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In @Scott's answer to this question Best format to save Photoshop artwork for printing?, he states that most home printers will more accurately reproduce the colors from an RGB image than a CMYK image.

However, all of the inkjet and laser printers that I have ever used at home use CMYK inks/toners. So, I would think that using CMYK colors would result in more accurate color reproduction.

Assuming Scott is correct (and based on his reputation and profile, I completely believe he is), why would printers with CMYK colors be more accurate when converting from an RGB color profile?

After reading the response mentioned in Scott’s comment, I want to clarify what I am asking slightly.

Why in the heck doesn’t a printer that uses CMYK simply use the percentages of each ink as specified in the file that it is printing? Assuming I could configure my design software and monitor to match a (hypothetical) color profile provided by the printer manufacturer, it would seem more efficient for the printer to simply use the specified percentages for each ink color. So why doesn’t printing on a desktop printer work that way?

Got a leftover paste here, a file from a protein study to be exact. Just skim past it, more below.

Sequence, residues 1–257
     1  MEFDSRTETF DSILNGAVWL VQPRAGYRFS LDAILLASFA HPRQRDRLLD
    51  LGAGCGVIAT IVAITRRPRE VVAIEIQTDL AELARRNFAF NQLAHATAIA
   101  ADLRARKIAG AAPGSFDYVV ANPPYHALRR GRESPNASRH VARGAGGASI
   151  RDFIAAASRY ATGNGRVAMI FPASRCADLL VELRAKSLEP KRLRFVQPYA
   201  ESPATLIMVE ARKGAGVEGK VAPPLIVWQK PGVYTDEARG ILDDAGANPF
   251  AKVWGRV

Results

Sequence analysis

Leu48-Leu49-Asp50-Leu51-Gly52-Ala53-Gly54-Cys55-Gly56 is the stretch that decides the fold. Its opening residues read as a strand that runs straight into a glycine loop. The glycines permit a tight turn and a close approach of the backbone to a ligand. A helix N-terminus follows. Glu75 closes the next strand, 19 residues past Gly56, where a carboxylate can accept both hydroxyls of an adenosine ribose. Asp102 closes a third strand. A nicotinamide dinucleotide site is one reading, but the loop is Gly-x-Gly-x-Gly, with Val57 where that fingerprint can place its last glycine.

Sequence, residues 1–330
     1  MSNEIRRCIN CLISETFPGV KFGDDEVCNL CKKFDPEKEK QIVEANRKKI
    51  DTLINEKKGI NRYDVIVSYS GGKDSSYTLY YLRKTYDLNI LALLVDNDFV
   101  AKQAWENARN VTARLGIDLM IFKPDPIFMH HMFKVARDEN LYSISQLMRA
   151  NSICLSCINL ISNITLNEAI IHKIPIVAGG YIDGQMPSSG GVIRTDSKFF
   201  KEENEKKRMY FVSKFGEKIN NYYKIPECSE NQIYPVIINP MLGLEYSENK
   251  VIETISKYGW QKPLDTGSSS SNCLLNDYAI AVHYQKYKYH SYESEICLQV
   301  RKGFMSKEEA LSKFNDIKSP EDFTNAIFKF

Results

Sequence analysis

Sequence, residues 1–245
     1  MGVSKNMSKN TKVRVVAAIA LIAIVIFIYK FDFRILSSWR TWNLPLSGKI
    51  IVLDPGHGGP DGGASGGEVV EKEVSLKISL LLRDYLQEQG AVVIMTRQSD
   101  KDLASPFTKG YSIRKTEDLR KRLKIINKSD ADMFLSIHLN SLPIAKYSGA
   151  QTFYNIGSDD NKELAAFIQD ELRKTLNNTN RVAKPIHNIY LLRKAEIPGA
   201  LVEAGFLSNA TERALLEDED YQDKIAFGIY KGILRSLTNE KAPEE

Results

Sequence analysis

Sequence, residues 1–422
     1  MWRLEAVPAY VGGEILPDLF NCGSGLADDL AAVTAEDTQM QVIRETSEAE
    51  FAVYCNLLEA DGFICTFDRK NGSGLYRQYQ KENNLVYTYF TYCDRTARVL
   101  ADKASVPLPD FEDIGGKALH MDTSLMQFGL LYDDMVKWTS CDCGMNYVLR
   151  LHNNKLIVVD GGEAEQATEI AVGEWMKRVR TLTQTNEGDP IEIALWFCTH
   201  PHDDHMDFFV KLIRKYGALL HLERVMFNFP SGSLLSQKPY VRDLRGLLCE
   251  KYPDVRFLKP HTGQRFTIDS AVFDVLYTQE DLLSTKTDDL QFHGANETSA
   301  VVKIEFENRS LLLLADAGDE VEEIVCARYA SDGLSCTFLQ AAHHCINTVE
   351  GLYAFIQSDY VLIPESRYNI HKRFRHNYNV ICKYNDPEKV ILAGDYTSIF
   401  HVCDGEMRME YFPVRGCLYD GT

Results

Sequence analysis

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    Possible duplicate of Incorrect Colors When Printing From Illustrator -- Although this link refers to a specific printer model. All non-postscript inkjets operate essentially the same way. – Scott Oct 13 '17 at 2:12
  • The answer to the linked question is interesting. I had no idea that a printer did all of those color conversions before printing. But it still leaves me with my original question (which I have hopefully clarified now). Why can’t the printer use the percentages of CMYK that are included within the document already? I feel like I am missing some sort of fundamental knowledge about color reproduction here. – magerber Oct 13 '17 at 2:52
  • Because the printer doesn't know what CMYK is... Don't confuse CcYyMmK with CMYK they are different. The manufactures never bothered to create drivers which understand CMYK. 99% of users wont' ever even try to print CMYK files. Note that inkjet printers with a postscript level 3 RIP will understand CMYK color. But printers with a Postscript level 3 support are more expensive and not as common. – Scott Oct 13 '17 at 3:36
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Because consumers are most likely using programs like Word, browser, etc. that have no idea what CMYK is. Alternatively, they are making hard copies of photos which also are RGB by default and simple image manipulation software again do not know what CMYK is.

There is then no advantage for the printer designer to design the printer to support CMYK, in fact its a clear disadvantage. See in consumer space such things as ease of use and vivid images is more important than controllability, repeatability and uniform design. So they skip this phase. This allows them to use much wider gamut to begin the process and use novel ink setups.

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